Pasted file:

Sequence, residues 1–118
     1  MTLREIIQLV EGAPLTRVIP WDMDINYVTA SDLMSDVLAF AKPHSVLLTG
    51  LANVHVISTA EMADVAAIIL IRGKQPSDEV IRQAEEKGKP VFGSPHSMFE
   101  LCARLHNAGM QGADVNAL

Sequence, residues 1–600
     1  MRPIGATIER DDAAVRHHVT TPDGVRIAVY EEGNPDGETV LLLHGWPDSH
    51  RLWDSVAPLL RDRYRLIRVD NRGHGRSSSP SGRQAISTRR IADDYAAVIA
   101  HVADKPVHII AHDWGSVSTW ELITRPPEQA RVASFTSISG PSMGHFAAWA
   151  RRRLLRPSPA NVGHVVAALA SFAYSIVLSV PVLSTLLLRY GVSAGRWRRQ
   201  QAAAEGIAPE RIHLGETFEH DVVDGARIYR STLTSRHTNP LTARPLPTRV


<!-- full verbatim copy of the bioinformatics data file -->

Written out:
Sequence, residues 1–118
     1  MTLREIIQLV EGAPLTRVIP WDMDINYVTA SDLMSDVLAF AKPHSVLLTG
    51  LANVHVISTA EMADVAAIIL IRGKQPSDEV IRQAEEKGKP VFGSPHSMFE
   101  LCARLHNAGM QGADVNAL

Sequence, residues 1–600
     1  MRPIGATIER DDAAVRHHVT TPDGVRIAVY EEGNPDGETV LLLHGWPDSH
    51  RLWDSVAPLL RDRYRLIRVD NRGHGRSSSP SGRQAISTRR IADDYAAVIA
   101  HVADKPVHII AHDWGSVSTW ELITRPPEQA RVASFTSISG PSMGHFAAWA
   151  RRRLLRPSPA NVGHVVAALA SFAYSIVLSV PVLSTLLLRY GVSAGRWRRQ
   201  QAAAEGIAPE RIHLGETFEH DVVDGARIYR STLTSRHTNP LTARPLPTRV